For the "guru" you are correct, but for the person being "connected to" they percieve it as an astral presence/feeling.

Additionally, a guru/master can percieve/operate in a duality framework. The world does not disappear.

:smile:

Is it really like that? That's interesting. Thanks.

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The Blessed One said:

"What is the All? Simply the eye & forms, ear & sounds, nose & aromas, tongue & flavors, body & tactile sensations, intellect & ideas. This, monks, is called the All. Anyone who would say, 'Repudiating this All, I will describe another,' if questioned on what exactly might be the grounds for his statement, would be unable to explain, and furthermore, would be put to grief. Why? Because it lies beyond range." Sabba Sutta.


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PostPosted: Fri Aug 17, 2012 7:44 pm 
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Andrew108 wrote:
Jeff wrote:
Andrew108 wrote:
There is no level of duality in Guru Yoga. This is the point. That's why we have the yoga part. Without the yoga or unity or inseparability you just have the guru and ideas.


For the "guru" you are correct, but for the person being "connected to" they percieve it as an astral presence/feeling.

Additionally, a guru/master can percieve/operate in a duality framework. The world does not disappear.

:smile:

Is it really like that? That's interesting. Thanks.


Yes.

In my opinion, the easiest way to think about it is that consciousness has "layers". The deeper (or higher) you go, the greater the "oneness" or "nothingness of the person/ego". When someone realizes (or reaches) true non-duality, there is a tendency to stay focused on that "layer" (and just hang out on a mountain top). But while all "layers" are non-permenient, they are all equally valid. When texts talk about the "compassion of a Buddha" (or guru master) that means that they can focus on any "layer" and help beings deal with the crap of seeing thru their percieved trap/suffering. It does not mean that they are necessarily nice/compassionate in a dualistic "human framework".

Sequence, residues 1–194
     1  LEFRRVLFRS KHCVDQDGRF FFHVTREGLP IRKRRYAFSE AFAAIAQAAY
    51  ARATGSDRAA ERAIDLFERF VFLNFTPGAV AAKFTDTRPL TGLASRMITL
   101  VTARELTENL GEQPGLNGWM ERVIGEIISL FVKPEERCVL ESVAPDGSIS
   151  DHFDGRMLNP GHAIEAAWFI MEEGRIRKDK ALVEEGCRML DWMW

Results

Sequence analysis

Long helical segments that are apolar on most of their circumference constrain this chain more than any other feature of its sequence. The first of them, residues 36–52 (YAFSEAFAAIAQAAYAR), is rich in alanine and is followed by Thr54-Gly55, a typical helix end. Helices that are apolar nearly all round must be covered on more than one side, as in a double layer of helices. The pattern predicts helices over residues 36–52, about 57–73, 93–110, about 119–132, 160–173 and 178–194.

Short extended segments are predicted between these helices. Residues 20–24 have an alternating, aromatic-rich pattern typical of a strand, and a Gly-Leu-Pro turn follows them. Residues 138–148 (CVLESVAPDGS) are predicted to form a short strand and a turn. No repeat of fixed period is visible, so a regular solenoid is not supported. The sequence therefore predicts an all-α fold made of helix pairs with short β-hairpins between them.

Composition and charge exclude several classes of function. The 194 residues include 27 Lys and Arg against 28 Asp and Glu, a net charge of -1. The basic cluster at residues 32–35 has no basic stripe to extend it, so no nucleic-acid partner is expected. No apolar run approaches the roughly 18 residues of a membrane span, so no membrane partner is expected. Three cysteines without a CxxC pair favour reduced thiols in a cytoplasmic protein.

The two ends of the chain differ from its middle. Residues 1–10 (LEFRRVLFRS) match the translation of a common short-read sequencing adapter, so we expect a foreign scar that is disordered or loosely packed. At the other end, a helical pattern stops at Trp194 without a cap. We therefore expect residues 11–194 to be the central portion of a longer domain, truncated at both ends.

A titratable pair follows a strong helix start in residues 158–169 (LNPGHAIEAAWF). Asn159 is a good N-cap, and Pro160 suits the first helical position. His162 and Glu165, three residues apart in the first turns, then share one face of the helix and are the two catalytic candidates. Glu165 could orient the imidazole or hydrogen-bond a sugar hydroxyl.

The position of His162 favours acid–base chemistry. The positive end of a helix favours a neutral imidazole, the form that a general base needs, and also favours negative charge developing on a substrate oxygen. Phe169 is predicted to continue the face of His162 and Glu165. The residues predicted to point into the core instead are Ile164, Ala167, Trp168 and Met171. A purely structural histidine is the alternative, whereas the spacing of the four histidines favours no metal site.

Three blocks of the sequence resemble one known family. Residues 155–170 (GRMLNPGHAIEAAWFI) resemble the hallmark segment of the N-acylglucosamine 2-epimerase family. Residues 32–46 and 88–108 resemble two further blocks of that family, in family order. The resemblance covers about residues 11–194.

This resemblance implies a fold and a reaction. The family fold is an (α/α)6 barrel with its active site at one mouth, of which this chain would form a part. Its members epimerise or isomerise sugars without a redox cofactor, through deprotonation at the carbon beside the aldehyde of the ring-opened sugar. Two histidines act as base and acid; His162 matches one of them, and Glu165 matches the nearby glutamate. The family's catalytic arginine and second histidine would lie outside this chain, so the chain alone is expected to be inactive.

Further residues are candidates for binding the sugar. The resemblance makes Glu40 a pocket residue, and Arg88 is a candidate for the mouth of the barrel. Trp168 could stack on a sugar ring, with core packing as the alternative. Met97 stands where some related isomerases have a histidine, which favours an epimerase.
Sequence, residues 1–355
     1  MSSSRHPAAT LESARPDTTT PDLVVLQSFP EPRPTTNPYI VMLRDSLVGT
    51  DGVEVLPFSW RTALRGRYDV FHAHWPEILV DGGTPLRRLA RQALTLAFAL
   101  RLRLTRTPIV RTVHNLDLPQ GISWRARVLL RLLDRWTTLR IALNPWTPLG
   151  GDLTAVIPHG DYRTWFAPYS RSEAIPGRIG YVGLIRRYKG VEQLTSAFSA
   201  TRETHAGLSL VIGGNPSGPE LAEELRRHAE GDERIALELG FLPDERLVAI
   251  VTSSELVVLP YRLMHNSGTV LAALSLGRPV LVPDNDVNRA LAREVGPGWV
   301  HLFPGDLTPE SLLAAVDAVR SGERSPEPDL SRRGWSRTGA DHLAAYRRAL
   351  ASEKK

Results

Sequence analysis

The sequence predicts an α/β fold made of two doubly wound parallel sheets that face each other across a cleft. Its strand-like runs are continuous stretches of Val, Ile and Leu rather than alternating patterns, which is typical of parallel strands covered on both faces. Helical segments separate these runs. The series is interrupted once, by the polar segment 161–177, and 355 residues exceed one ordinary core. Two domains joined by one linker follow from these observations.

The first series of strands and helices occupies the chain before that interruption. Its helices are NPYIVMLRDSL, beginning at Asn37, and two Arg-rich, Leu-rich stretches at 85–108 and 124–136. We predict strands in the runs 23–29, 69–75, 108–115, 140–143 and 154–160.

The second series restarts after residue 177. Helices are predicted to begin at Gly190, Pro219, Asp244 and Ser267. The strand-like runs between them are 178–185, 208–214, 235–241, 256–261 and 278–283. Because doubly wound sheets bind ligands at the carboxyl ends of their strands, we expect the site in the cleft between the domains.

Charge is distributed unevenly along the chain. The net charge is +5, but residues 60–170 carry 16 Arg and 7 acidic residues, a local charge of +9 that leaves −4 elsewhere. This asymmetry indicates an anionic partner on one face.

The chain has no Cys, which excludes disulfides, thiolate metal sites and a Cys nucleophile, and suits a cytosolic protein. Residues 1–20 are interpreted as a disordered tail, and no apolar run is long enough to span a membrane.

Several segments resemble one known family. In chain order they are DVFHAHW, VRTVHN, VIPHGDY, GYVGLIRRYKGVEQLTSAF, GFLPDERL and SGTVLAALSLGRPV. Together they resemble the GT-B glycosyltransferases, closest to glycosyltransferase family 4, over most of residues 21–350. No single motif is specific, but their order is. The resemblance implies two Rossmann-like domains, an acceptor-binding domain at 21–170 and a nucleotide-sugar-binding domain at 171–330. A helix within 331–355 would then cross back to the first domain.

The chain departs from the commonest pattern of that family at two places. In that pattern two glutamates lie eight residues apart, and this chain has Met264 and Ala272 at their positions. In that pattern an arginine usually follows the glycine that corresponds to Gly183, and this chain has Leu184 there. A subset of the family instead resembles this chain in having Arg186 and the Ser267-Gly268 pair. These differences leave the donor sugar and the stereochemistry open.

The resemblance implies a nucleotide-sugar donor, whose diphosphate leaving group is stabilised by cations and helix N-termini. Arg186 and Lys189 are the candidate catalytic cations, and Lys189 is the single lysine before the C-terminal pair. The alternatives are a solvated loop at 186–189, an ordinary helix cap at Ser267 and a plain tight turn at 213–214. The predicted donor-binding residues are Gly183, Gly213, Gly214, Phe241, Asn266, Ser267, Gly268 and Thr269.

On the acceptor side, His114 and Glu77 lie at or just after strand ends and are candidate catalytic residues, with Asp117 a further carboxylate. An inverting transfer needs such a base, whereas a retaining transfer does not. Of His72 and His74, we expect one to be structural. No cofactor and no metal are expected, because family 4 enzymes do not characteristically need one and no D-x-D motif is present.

:smile:

P.s. there are not really "layers", just using the concept to help explain.


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PostPosted: Fri Aug 17, 2012 7:48 pm 
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Malcolm wrote:
The basis is asaṃkrita.


What is this word translated?

Malcolm wrote:
The Dzogchen tantras are aware of Saṃkhya as well as Vedanta, and take specific pains to differentiate Dzogchen view from these systems.


It is easy to differentiate such things with arguments. But do they taste different?


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PostPosted: Fri Aug 17, 2012 7:50 pm 
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Malcolm wrote:
deepbluehum wrote:

The universal Buddha consciousness?


There is no such thing.


I think Jeff disagrees with you. So does Garchen Rinpoche, such phrases like, "all pervading," even in Dzogchen texts, betray omnipresence, i.e., pan-psychism, etc.


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PostPosted: Fri Aug 17, 2012 7:55 pm 
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Here's what Buddha says about nibbana in the Pali text:

Kevatta Sutta's phrase:

Viññāṇaṃ anidassanaṃ, anantaṃ sabbatopabhaṃ

Viññāṇaṃ: consciousness, perception,